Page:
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Corrupt cultures hit Chinese expansionists

Corrupt cultures hit Chinese expansionists

AUSTRALIAN COMPANIES expanding into China are ignoring potential integrity risks amid the rush to enter the new market, according to a local risk expert based in China.While China’s economic and…

AUSTRALIAN COMPANIES expanding into China are ignoring potential integrity risks amid the rush to enter the new market, according to a local risk expert based in China.

While China’s economic and business environment has been rapidly liberalising in recent years, governance and ethics in business have not necessarily kept pace. Indeed, according to Transparency International, China, despite having ratified the United Nations Convention against Corruption, is perceived as one of the worst kickback payers globally.

“You see a lot of companies going into business with very much a ‘ready, fire, aim’ business plan where they really just want to get into China and get set-up quite quickly for the first-mover advantage,” said Nick Robinson, head of Deloitte’s China Forensic practice.

“With that approach some of the risks are overlooked. Obviously, they’ll do diligence on the commercial and financial side, but often some of the integrity aspects of that are missed. Really the key to managing the integrity risk in China is to look at the people with whom you’re doing business and look at the relationships with them and really try and understand who they are.”

Historically, bribe paying and kickbacks have been an accepted part of doing business in some countries, but increasingly, international companies are looking to exact their own standards on Chinese operations.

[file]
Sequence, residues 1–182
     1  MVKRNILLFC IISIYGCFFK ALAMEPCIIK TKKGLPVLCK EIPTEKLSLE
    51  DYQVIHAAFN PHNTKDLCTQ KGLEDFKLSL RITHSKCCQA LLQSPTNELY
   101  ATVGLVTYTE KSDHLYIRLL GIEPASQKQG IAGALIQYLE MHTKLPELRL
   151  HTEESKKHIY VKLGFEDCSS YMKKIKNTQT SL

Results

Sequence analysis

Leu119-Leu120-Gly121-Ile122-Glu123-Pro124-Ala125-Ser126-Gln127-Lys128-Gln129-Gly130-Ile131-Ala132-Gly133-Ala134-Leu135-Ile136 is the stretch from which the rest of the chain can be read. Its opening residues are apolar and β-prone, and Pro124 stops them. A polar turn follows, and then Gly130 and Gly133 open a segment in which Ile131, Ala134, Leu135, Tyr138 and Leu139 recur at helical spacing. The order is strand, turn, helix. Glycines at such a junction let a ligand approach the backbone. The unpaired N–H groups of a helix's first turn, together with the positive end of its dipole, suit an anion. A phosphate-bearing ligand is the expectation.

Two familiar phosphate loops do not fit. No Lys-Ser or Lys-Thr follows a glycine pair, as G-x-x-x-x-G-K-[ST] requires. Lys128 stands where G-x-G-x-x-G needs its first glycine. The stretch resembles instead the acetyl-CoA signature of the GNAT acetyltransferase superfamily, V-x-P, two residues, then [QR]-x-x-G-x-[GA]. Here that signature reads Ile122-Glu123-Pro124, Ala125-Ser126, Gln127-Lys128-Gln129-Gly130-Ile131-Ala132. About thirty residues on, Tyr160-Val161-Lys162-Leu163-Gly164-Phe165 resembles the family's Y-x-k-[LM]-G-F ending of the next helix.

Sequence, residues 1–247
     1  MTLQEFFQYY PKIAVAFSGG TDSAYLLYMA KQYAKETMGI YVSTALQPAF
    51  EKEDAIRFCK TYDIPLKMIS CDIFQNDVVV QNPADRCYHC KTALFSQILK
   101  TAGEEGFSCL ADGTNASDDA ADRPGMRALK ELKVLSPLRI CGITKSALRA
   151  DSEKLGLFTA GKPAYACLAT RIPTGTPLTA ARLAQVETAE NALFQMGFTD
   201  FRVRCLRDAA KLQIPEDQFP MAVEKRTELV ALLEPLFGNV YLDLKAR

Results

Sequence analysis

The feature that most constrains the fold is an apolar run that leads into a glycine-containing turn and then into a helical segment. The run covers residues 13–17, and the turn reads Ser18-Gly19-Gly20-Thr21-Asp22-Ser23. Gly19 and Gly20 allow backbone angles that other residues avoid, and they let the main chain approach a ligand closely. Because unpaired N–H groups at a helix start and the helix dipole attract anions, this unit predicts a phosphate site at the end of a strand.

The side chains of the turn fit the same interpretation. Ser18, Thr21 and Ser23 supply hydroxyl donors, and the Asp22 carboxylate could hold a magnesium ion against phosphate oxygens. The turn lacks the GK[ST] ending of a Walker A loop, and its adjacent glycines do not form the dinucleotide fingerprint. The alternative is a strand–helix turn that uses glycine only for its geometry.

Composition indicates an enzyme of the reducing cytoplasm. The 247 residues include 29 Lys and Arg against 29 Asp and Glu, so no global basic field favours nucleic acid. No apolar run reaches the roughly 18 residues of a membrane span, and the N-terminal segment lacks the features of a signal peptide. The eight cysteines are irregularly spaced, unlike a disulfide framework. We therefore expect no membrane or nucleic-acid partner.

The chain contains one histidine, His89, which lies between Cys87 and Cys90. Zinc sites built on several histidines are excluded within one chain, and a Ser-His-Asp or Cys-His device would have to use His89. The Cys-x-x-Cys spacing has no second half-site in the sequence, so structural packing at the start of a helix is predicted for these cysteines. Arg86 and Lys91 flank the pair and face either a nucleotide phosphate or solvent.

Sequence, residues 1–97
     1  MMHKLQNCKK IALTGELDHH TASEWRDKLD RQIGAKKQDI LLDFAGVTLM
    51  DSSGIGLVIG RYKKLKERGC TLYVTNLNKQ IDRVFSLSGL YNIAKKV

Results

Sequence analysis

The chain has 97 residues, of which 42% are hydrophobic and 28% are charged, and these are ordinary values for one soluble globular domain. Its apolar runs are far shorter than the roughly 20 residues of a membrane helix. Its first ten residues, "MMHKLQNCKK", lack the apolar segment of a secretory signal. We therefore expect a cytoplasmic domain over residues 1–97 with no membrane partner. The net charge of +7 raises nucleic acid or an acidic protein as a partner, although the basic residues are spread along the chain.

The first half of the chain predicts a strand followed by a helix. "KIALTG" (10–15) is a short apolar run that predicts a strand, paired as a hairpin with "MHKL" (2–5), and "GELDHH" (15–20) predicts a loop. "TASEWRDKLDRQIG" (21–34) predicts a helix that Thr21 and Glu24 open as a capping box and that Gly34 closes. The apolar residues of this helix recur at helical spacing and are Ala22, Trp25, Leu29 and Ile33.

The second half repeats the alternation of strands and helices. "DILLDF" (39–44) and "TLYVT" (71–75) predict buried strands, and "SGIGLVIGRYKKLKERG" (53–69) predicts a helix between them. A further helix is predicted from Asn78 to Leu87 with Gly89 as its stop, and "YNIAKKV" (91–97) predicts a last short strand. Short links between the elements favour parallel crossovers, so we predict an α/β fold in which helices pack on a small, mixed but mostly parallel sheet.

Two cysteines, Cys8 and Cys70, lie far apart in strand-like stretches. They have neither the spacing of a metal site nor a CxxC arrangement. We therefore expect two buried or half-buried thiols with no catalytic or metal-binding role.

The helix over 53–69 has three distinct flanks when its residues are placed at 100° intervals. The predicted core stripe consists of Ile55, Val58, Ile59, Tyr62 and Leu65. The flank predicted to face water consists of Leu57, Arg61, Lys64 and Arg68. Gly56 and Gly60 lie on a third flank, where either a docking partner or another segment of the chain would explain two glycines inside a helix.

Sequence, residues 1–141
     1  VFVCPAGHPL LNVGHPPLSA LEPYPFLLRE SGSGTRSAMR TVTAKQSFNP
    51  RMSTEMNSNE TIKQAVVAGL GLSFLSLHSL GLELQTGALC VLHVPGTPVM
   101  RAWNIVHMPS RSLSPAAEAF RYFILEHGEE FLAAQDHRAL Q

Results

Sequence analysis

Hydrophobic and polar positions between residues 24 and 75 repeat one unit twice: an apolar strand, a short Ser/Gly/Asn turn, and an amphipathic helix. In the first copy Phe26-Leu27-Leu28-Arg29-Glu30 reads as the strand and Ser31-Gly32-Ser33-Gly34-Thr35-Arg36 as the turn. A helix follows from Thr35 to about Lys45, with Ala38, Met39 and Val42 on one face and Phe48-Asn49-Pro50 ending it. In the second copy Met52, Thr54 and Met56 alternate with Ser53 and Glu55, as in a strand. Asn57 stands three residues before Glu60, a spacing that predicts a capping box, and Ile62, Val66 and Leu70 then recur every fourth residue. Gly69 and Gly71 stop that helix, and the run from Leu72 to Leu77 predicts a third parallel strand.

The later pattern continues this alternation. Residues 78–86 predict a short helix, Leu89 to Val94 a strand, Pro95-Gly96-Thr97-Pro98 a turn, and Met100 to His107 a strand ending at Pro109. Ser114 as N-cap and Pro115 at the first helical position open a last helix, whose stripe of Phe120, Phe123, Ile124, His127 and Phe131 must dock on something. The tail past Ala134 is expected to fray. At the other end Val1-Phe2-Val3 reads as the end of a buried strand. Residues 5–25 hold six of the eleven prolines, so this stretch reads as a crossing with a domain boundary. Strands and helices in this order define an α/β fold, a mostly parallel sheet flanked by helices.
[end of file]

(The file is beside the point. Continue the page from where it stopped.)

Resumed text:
“There is one school of thought that says the only way to do business is through the sort of unethical or corrupt themes in a lot of these jurisdictions,” Robinson said.

“I suggest it is not because your reputation damage comes straight back to your home base and really, if you go back to the previous comment about shareholder and stakeholder acceptance of this type of activity and the damage to the reputation and the financial damage that causes, the tolerance is getting less and less for it. To go into somebody’s country with a zero tolerance approach to those types of issues is, I think, getting a lot more acceptable.”

The corruption risks are increasing, Robinson added, due to changes in Chinese working practices associated with the booming economic growth.

“Historically, if you look at the loyalty contract between employer and employee where perhaps 20 to 30 years ago somebody went to work for one company and stayed working for them and then was looked after,” he said.

“You’re seeing an erosion of that in the past decade or 15 years when people are very much working for themselves. Then including that with things like a rationalisation around corruption and unethical behaviour and then maybe an availability of cash as well, it makes for a higher risk environment.”

Chris Phillips, NSW lead partner at Deloitte Forensic, said there were numerous examples of Australian companies that have fallen foul of ethics risk in China.

“We have worked with an Australian business that’s been really forced to work with China because of the cost benefit and has gone into a joint venture relationship with some Chinese business people,” he said.

“Now the Chinese have decided, for whatever reason, to basically take that business into an alternative factory and, for all intents and purposes, steal that business. That leaves the Australian in a joint venture party in a pretty difficult situation. It’s potentially being taken from under their eyes. You don’t necessarily have confidence in the system up there that you have in Australia to provide some kind of either civil or criminal remedy.”

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